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Why Construction Projects Always Cost More Than Estimated

Poor planning, bad timing and political considerations all make overruns practically a given.

Excavator on a construction site
David Kidd/Governing
Editor's Note: This article appears in Governing's Summer 2024 magazine. You can subscribe here.

Even before the recent phase of inflation, public construction projects often far surpassed their budgets. Why are cost overruns so common?

Problems with estimating infrastructure costs start at the very beginning, due to the often-complicated process of running cost estimates. The political pressure to keep costs low can result in unrealistic projections. More frequently, the agencies starting new projects, such as roads, train lines or school facilities, fail to account for all the variables in construction. Construction projects are unpredictable even in the best of circumstances — much more so when they involve large-scale excavation or butt up against homes and businesses.

Delays are also a major source of cost increases. Underground digging, for example, is notoriously unpredictable. But delays can also result from common factors including multilayered permitting, public engagement processes and lawsuits. There’s also often a gap between the time a budget is set — say, when voters approve a bond for school facility improvements — and when construction actually begins.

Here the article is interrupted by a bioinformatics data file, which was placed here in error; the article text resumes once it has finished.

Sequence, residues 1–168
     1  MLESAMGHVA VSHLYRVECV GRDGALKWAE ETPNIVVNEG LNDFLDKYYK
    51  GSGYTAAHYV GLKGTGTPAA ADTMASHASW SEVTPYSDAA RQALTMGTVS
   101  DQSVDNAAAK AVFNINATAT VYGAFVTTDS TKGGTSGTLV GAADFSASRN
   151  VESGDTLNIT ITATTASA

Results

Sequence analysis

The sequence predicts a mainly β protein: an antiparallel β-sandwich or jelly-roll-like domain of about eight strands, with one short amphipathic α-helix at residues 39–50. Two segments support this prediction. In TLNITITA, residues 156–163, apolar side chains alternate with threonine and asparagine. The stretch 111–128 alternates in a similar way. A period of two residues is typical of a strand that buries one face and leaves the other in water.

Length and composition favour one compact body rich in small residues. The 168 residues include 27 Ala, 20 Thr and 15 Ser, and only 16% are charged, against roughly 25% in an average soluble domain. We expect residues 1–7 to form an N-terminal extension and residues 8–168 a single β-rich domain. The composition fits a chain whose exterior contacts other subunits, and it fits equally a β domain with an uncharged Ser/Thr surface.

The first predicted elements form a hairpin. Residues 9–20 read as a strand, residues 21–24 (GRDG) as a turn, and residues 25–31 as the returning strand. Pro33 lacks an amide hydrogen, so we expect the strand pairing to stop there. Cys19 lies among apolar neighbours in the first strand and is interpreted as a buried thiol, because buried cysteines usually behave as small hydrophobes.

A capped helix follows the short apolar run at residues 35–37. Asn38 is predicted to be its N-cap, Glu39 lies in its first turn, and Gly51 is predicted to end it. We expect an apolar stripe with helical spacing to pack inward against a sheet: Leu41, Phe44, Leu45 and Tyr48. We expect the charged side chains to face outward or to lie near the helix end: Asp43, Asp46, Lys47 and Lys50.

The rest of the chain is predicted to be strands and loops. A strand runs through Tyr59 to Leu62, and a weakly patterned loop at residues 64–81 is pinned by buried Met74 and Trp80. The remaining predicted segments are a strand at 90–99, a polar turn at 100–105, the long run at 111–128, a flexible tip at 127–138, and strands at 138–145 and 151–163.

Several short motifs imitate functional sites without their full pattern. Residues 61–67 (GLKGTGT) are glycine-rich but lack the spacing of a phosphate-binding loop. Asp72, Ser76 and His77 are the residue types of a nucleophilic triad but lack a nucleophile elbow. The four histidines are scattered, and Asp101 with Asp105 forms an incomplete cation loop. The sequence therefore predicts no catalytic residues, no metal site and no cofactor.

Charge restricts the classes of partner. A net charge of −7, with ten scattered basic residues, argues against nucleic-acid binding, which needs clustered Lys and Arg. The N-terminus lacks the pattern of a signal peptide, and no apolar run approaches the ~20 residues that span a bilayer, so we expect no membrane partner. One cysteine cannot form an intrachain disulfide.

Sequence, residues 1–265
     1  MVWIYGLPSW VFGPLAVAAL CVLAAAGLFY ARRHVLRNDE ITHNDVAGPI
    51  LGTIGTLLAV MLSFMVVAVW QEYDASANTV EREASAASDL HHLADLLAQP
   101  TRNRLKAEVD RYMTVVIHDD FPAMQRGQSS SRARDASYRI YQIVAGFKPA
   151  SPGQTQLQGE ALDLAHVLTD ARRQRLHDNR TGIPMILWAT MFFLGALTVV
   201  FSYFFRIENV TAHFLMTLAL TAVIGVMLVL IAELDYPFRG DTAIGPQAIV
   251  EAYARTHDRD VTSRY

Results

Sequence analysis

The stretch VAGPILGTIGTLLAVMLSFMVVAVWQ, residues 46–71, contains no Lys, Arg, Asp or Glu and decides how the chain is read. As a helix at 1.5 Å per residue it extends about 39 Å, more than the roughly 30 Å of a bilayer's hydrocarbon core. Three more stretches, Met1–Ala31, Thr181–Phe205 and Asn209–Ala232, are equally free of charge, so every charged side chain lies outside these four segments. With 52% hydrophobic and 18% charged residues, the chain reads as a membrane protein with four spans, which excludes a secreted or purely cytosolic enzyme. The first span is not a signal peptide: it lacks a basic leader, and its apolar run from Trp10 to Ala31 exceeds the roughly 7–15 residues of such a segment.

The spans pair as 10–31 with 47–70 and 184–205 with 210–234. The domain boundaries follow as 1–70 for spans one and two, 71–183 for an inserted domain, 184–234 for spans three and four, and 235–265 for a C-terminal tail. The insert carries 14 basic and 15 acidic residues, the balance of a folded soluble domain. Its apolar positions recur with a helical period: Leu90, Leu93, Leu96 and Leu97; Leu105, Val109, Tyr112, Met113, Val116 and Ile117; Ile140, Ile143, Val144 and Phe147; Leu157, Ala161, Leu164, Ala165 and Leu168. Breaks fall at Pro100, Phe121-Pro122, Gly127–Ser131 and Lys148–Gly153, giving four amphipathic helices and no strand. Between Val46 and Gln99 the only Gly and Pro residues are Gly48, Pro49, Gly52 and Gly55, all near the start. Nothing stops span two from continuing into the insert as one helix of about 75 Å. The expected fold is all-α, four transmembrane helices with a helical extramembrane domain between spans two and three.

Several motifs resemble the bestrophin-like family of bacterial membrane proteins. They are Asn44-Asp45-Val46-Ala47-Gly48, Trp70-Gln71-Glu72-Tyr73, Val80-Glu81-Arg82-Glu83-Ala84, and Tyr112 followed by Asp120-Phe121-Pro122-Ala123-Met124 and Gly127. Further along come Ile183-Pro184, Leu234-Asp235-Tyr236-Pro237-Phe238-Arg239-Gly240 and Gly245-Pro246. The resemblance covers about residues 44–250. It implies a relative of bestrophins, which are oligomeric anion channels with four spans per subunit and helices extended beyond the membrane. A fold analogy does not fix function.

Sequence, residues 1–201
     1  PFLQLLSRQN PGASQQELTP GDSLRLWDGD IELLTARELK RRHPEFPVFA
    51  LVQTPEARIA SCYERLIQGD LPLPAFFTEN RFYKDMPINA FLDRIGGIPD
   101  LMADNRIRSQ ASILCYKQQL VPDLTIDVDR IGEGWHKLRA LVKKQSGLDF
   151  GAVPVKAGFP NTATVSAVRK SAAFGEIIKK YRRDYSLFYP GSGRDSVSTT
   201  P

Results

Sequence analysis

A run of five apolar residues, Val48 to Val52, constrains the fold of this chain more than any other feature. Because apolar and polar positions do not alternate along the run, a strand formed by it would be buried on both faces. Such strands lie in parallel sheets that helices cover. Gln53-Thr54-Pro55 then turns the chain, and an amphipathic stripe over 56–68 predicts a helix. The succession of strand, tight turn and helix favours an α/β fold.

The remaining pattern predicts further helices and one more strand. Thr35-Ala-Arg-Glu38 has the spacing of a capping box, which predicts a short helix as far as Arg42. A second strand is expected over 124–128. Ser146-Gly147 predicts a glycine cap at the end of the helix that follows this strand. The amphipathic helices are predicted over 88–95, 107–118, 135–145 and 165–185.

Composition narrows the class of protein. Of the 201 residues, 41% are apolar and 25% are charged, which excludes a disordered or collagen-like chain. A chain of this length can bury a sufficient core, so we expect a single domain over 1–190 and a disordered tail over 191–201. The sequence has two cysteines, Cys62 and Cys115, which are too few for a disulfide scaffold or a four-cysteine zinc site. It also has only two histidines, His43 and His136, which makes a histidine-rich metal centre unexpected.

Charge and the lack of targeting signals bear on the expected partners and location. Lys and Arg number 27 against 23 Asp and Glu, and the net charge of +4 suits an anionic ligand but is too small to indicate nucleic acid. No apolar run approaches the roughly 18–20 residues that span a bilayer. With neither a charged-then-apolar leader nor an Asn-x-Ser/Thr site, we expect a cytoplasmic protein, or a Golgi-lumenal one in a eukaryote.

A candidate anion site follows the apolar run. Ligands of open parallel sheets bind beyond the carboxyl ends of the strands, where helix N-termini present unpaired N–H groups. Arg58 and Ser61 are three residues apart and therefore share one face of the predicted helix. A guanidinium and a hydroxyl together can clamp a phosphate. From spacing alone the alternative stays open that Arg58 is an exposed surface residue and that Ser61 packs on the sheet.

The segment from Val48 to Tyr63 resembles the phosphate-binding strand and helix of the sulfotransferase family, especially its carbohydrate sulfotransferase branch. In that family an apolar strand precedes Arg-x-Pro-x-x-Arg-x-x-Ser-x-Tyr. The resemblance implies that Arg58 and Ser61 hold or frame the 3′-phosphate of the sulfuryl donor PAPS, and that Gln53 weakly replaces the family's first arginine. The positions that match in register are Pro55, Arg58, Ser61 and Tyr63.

Cutting projects into phases to save costs often ends up achieving the opposite. With material and labor costs rising all the time, it’s often cheaper to build a project all at once than to stretch it out across years. Agencies’ desire to minimize disruptions to the public also leads to cost increases. Doing all the work on a road or train line at night stretches out the timeline and requires overtime pay for workers. And unnecessary customization adds to the expense. Why design two train stations when you could reuse the same design?

Agencies with more experience tend to have better luck keeping projects within their budgets. Growing school districts carrying out a 10-year improvement program often know what they’re doing by the third or fourth year, says Robert Chomiak, a vice president at Turner & Townsend, a project management firm that works with public agencies.

Some things, like pandemics, are impossible to plan for. But being careful about project planning and design can help agencies anticipate and account for growing costs. “A lot of overruns,” Chomiak says, “are somewhat self-imposed.”
Jared Brey is a senior staff writer for Governing. He can be found on Twitter at @jaredbrey.
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